Blockchain and Sovereign Data

There is much chatter on using the Blockchain to enable sovereign control of a person's identity. We see pressure in the US on Facebook with the reported 87 million users' data compromised. We see companies globally working to meet the strict guidelines outlined by the upcoming GDPR. Can blockchain technology help us manage data? Many say no. What is the role of the blockchain and sovereign data?

Blockchains are databases. Sure they can be used to manage data work-flows in companies and differentiate transactions between entities (employees, customers, people, etc). Regarding the GDPR, I think that blockchains can assign an almanac of input work-flow from all entities.
However, it is not central to the GDPR thesis that data owners control their assets? If this is the case, don’t distributed ledgers solve for this? Blockchains enable the user to be the primary owner and DIRECT controller of their data. Intermediaries are eliminated.
I don’t think laws or regulation2 endeavors to establish control, as much as, they want to incentivize ethical engagement. GDPR established rights for reasonable debate. Blockchains can help identify owners, intermediaries, and people are needed to monitor inherently buggy code.
I also don’t think that operational ownership is the objective, whereas, legal ownership is. Blockchain’s ability to identify all transactions provides the abilities to legal authority to retaliate against deemed fraudulent or flagrant use of one’s natural resource (data).
The benefit of blockchains are their ability to provide truthful streams if data on all sort of interactions. I particularly like this because a stream of data can be leveraged as an asset to distribute derivative value; and further, allocate it to the people who are owed value.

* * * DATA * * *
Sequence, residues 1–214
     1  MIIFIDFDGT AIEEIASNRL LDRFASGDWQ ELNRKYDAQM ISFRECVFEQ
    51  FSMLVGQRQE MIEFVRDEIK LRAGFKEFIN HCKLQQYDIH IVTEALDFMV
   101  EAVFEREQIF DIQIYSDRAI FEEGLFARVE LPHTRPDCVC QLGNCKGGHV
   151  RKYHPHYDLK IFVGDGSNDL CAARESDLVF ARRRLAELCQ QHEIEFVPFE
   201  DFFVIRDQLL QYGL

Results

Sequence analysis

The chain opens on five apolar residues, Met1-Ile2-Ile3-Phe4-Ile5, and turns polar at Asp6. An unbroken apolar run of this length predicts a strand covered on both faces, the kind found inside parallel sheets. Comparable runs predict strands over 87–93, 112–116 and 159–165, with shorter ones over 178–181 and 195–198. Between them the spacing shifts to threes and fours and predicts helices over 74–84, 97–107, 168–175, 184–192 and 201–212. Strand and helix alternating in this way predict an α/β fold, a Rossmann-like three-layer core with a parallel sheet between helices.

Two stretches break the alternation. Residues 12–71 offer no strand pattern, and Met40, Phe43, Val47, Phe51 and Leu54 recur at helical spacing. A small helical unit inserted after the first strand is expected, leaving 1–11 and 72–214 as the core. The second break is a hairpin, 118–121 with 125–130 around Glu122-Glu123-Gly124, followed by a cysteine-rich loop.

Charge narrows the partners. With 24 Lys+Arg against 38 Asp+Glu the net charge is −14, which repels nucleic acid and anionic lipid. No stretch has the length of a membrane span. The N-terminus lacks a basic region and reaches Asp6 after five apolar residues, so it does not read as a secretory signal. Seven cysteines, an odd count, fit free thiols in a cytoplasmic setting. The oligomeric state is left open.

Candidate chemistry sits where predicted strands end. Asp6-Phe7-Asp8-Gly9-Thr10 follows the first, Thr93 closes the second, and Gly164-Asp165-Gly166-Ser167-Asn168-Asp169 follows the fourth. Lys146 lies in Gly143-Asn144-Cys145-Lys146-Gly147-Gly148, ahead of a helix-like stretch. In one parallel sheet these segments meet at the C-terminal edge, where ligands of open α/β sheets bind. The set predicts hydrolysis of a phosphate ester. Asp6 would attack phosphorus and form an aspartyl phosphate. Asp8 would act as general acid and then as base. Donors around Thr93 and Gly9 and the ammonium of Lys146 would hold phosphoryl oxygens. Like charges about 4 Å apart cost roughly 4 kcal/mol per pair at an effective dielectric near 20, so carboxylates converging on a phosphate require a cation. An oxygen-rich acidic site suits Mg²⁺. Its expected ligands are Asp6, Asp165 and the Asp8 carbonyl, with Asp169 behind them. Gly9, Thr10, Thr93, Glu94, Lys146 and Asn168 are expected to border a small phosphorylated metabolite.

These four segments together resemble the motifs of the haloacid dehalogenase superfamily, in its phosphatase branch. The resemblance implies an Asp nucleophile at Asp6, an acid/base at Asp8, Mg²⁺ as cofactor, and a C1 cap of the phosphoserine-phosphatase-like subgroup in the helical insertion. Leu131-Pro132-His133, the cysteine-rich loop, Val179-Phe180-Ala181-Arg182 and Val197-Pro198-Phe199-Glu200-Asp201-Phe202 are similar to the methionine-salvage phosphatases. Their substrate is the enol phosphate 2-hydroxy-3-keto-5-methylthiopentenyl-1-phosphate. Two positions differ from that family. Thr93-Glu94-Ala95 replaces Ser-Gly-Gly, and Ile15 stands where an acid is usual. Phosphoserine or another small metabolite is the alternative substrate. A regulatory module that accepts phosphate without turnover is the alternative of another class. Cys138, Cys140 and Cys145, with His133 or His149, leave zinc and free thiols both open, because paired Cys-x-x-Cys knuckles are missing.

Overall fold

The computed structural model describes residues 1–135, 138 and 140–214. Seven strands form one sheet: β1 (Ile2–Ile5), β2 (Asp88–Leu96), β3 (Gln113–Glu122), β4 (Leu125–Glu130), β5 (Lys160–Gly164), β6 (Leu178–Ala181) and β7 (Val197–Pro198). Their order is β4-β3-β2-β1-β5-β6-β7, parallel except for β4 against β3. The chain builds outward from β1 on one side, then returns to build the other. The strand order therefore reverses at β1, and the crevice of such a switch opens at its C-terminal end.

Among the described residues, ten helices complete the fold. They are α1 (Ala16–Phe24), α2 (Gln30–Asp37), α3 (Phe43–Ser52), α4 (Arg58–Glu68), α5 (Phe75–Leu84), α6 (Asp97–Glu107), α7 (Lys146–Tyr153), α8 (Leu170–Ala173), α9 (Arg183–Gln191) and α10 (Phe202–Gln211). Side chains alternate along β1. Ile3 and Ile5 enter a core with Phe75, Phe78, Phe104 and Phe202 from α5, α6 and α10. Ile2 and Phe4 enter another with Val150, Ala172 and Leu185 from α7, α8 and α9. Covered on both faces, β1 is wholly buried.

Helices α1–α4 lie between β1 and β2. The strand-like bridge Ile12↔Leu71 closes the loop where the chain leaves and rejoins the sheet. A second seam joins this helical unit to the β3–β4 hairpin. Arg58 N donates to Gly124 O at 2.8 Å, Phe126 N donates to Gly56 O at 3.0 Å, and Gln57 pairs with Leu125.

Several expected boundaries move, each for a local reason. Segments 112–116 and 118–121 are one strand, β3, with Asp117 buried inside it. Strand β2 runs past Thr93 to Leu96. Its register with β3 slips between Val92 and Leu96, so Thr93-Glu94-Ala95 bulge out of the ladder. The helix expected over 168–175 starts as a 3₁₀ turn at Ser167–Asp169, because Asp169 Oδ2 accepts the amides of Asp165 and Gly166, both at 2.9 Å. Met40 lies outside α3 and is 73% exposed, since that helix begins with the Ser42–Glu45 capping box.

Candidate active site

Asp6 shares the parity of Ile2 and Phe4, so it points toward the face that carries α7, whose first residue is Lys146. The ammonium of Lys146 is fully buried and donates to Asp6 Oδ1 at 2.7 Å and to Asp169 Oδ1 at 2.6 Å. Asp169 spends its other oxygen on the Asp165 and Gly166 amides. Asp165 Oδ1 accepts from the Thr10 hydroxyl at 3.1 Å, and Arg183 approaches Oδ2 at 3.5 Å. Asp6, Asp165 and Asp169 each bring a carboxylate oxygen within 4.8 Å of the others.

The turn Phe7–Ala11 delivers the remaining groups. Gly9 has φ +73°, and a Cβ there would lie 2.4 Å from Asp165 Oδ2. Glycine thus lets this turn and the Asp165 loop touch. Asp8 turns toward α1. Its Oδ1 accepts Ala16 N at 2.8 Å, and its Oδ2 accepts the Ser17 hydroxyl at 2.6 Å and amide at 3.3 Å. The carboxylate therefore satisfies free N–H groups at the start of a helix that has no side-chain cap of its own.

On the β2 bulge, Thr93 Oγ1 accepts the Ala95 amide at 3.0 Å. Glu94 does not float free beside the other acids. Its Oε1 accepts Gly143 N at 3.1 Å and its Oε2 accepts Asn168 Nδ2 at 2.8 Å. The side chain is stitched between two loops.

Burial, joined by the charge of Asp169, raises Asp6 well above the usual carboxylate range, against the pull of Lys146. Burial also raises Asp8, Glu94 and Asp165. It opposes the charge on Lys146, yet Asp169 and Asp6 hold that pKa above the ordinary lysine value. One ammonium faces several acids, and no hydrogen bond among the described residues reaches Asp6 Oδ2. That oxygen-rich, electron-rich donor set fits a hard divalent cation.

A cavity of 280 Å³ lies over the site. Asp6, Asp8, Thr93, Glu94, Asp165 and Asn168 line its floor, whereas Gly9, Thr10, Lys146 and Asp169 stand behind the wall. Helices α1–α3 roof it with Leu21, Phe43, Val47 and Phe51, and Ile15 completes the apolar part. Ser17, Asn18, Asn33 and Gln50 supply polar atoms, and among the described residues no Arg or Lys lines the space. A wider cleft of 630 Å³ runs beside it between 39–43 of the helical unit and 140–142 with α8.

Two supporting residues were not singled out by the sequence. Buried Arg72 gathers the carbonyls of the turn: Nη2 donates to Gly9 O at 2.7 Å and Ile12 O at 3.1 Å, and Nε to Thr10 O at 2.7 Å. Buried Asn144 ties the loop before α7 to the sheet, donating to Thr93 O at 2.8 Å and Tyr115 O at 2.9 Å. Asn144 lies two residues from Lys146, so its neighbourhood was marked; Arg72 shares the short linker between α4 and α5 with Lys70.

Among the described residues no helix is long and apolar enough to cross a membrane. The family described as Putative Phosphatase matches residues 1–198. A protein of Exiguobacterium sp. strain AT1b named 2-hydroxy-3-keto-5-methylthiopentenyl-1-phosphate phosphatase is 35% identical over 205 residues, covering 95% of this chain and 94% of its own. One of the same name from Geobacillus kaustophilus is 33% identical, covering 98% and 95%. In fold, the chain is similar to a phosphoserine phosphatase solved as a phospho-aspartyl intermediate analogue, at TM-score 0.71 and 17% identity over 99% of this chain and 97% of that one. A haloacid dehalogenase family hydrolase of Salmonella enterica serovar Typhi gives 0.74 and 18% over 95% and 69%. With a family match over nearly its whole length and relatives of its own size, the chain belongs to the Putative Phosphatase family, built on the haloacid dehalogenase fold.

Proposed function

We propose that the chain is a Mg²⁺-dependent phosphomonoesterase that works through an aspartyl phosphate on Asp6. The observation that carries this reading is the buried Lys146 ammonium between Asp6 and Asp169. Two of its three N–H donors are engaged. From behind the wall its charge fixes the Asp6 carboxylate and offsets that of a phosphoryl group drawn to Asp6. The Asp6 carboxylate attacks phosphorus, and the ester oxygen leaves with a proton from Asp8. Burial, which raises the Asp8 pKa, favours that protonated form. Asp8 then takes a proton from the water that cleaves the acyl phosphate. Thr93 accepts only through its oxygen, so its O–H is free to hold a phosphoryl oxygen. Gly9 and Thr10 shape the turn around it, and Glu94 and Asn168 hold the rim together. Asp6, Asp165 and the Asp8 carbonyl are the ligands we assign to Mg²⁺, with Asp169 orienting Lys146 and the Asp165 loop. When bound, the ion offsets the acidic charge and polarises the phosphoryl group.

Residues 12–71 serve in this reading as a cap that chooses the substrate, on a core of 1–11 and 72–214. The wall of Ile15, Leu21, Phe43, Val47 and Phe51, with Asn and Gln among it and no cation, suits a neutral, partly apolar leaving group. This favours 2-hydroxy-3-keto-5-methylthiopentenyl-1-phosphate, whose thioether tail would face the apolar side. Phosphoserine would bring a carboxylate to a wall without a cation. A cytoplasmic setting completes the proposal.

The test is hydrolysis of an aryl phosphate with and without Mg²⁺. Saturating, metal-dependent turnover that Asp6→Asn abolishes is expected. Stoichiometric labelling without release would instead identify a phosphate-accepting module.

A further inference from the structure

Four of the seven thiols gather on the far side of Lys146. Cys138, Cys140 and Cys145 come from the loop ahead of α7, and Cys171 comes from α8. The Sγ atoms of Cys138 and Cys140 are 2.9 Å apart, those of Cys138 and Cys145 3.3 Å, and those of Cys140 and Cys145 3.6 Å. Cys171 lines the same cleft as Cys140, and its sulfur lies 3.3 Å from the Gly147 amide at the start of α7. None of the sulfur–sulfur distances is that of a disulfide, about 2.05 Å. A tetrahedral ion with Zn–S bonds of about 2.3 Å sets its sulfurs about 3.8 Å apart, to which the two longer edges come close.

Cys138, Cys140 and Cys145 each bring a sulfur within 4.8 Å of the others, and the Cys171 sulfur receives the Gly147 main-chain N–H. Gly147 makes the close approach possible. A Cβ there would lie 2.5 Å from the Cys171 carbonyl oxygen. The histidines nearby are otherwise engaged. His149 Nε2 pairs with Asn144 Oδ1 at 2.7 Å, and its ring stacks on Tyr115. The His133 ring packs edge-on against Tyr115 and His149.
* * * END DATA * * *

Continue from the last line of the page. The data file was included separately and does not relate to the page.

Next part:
So I understand by this that GDPR’s goal is strategic: to establish a framework for the rights of data owners. Your contention is that blockchain may serve as a tactical solution for some of these issues?
Yes, it definitely can be. In many cases blockchain will offer more efficient and effective solutions for corporate operational work-flows and for future automation of those work-flows. After all, the objective of org process design is “error-proofing” and eventually automation.
Here is the inherent conflict between GDPR and the Blockchain. It is CRUD vs CRAB architecture. CRUD stands for Create-Read-Update-Delete which facilitates GDPR. Instead, operations on blockchain are CRAB: Create-Retrieve-Append-Burn. You cannot delete transactions.
There are ways of completely erase data in the off-chain storage. However, “the benefit of transparency with blockchain is reduced. By storing your data off-chain, you have no way of knowing for sure who accessed your data, and who has access to your data.”
Blockchain strengths data-ownership and transparency; however, it seems that the manner in which GDPR is formulated, we cannot store data directly on the blockchain since in GDPR terms ‘it is not erasable’.
I like the theoretical paradox, but I don’t think that the right to erasure is of maximum benefit when enforces to erase data, as much as it is agency over data transactions and warrants indemnification for retaliation of deemed flagrant or fraudulent use.
The Right to Erasure while at the center of Europe’s GDPR wouldn’t work itself in the United States because of the 1st Amendment’s right to free speech, but is a great provocateur towards what we really want: Ownership.
Owning the asset as it moves is the great equalizer in my opinion, not privacy or transparency. That stated, I’m am concerned that erasability could stifle blockchain development in the EU, even as Europeans have ben great leaders over the past decade.
All I’m optimistic and think that the investment has to be rooted in educating businesses and the public that data policies and crypto technologies should keep the objective of ownership and protection, not privacy or security per se. Security is a culture and privacy is aloof.
James, thanks for your time discussing this important topic. I look forward to speaking soon as the market place comes under increasing scrutiny with the Facebook debacle.
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